Royden's is still one of the most widely used texts on the theory of measure and integration in print. As such, it's a perfect example of a fascinating phenomenon in academia: the rubber-stamping of texts for courses that were written by Ivy League Gods. Graduate complex analysis? "Get Alfhors." Topology? Munkres. And if any struggling student dares question it, the professor makes them feel like they have an IQ of 6. If the student can't handle the professor's favorite text from his student years at MIT, he is too dumb to learn analysis.
There are many factors leading to this elitist rubber stamping, not the least of which is that professors at research based power schools or with that kind of training usually think teaching is far from their first priority. But there's something else at work here, a kind of academic canonization of textbooks based on the research pedigree of the authors. Alfhors, for example,was a giant of function theory at Harvard. Sadly, anyone in academia can tell you a great creator does not a great teacher or expositor make — often just the opposite, in fact. Simply put,a lot of these guys have no idea how they make the discoveries that they do. This affects their textbook writing — the books are written far more to impress their colleagues than to educate students. Of course, there are exceptions — the late great Serge Lang at Yale and John Milnor of SUNY Stony Brook both earned their reputations as both great teachers and scholars. But they are the exceptions.
Which finally brings me to Royden's Real Analysis. With the possible exception of Rudin's Real and Complex Analysis, this may be the single most assigned text for the all-important graduate real analysis course. And frankly, I have no idea how anyone can learn real analysis from this thing. The one thing that strikes you most about it is that Royden seems to shunt the most difficult results to the execises. In each section, he gives a couple of careful definitions, a few theorems and lemmas, and then the problem sets are practically small research assignments! The most egregious example I found is this: He proves the additivity of measures in pedantic detail, but leaves the Tychonoff Theorem on product spaces as an exercise.
There are also some strange comments in the book that don't quite make sense:For example, he defines a function in the the introductory chapter as a rule between sets; in a footnote, he gives the Cartesian product definition of function and criticizes it as having problems in certain cases, such as the identity function, since it is not a true subset of a Cartesian product. Say what?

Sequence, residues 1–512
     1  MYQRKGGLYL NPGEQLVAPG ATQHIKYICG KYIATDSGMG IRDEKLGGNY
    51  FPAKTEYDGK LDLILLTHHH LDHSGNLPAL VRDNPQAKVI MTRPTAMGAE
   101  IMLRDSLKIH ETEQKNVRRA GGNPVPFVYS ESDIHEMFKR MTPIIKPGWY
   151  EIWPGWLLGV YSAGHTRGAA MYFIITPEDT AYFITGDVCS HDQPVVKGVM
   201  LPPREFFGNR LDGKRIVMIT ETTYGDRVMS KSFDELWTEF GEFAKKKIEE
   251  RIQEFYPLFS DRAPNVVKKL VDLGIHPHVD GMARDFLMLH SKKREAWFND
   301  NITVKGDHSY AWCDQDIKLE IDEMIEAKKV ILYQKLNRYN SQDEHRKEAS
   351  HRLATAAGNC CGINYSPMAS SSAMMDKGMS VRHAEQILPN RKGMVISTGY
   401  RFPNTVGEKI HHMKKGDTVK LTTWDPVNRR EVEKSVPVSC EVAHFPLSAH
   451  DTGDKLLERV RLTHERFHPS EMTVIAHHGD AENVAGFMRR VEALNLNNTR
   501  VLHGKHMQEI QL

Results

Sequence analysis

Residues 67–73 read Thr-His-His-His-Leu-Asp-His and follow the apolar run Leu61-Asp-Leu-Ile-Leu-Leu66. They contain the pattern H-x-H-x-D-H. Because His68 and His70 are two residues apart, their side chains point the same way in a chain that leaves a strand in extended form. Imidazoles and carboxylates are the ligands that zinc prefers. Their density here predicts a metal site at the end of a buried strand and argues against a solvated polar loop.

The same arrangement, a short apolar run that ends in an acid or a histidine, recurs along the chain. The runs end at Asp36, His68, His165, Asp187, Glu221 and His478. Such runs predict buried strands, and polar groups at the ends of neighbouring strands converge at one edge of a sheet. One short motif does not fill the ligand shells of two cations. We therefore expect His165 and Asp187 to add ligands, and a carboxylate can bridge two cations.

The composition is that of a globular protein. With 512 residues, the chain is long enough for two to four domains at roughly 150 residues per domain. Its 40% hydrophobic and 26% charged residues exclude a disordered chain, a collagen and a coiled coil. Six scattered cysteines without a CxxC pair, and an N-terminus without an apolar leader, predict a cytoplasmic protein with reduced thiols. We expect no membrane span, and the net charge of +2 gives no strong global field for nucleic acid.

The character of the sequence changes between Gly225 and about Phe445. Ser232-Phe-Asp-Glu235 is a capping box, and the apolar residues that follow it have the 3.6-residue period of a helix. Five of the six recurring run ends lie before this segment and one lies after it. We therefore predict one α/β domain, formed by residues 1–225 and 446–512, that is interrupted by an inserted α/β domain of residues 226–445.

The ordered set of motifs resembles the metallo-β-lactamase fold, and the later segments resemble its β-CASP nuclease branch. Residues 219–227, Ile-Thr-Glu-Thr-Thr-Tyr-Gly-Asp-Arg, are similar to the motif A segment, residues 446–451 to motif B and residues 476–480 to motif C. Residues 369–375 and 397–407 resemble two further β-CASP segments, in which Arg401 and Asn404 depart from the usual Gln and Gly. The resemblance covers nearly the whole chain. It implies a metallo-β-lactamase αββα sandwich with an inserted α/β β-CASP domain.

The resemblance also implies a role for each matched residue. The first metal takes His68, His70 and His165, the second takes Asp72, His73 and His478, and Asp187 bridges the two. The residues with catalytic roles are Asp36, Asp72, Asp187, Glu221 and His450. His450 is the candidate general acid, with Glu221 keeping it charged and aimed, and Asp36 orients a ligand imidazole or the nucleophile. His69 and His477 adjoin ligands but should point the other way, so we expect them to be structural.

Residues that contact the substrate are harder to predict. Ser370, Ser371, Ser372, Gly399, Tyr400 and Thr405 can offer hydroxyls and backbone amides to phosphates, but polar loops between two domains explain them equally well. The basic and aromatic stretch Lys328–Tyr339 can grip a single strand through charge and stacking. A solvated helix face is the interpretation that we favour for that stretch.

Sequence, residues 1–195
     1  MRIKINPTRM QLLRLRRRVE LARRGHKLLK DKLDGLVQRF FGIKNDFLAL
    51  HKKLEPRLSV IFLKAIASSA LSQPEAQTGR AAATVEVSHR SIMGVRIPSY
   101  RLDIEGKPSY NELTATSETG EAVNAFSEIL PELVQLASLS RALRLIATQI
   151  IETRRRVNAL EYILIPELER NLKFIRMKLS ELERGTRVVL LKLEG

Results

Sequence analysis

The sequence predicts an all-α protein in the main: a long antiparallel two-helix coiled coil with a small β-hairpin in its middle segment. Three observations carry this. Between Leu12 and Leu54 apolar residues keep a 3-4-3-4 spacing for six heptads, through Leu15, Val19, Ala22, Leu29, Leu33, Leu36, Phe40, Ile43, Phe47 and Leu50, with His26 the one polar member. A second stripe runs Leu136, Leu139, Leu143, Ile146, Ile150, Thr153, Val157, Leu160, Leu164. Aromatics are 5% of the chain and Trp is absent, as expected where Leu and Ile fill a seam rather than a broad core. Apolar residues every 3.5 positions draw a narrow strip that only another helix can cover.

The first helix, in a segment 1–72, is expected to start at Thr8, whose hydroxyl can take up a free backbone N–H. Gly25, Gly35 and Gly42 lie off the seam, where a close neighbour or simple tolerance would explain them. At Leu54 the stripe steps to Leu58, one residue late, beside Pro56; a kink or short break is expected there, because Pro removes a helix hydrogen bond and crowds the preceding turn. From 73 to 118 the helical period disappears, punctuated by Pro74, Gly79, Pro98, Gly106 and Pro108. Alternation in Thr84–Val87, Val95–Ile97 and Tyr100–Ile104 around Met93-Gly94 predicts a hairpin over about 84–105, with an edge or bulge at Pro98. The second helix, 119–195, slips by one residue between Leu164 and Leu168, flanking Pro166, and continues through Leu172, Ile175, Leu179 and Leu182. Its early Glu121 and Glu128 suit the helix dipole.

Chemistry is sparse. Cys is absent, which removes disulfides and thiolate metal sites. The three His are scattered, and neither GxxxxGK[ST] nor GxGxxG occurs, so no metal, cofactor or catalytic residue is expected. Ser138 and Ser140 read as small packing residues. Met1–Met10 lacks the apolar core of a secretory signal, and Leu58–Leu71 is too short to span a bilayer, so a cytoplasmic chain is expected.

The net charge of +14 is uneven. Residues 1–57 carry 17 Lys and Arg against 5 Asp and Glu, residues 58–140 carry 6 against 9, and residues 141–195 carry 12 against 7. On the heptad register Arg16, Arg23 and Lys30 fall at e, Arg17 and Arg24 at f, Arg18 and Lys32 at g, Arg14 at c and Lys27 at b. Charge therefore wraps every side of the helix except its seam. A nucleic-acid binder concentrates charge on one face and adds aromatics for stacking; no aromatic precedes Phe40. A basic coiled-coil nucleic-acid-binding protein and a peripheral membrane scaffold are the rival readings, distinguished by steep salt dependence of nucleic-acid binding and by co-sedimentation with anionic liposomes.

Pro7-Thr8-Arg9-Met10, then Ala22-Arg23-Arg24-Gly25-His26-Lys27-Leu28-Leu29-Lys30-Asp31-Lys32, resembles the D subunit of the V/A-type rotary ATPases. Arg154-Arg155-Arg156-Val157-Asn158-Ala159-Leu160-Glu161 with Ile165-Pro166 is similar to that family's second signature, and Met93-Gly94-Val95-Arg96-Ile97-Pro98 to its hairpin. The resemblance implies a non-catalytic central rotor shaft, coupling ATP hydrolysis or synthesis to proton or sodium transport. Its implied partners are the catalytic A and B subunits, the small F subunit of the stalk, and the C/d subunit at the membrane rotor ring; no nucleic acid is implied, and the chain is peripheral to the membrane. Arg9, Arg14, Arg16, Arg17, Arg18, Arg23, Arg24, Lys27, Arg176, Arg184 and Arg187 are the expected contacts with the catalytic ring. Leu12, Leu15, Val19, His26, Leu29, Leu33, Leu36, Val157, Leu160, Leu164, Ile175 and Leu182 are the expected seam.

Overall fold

Scholars are sadly no more enlightened then the rest of human society — which is probably why after four decades and the death of its author, this book keeps selling, even at such an outrageous price. It is used as a test and a filter for graduate students. This is sad, since there are so many superior texts on this beautiful and critical subject — Angus Taylor's masterwork, General Theory of Funcitons and Integration (in Dover paperback,no less!), Hienz Baur's very modern and probability geared Measure and Integration, the old fashioned but wonderfully clear presentation in R. Wheeden and A. Zygmund's classic Measure and Integral, for example. More recently, Stein and Shakarchi have produced a beautiful — and much less expensive — Real Analysis text in the Princeton Lectures in Analysis series.
[Andrew Locascio is currently a graduate student at Queens College Of The City University Of New York.]
I used Royden for an advanced undergraduate course in Lebesgue integration, and found it quite useful. Yes, it belongs to a tradition of concise and no-nonsense texts that can be quite intimidating to the student. On the other hand, when they are done right, such texts reward the effort that needs to be put into reading them.
However, I agree completely with the two main points of the review above: one shouldn't adopt a text simply because one used it in graduate school or because it is well-known, and the prices on many of these classic texts have become ridiculously high. In the case of measure theory and Lp spaces, I agree that Stein and Shakarchi have provided something special in their Princeton Lectures series and I too would encourage people to look around to see if there isn't a text that is better - both mathematically and pedagogically - than the old standard.
(Outis Niemand, Dystopia College)
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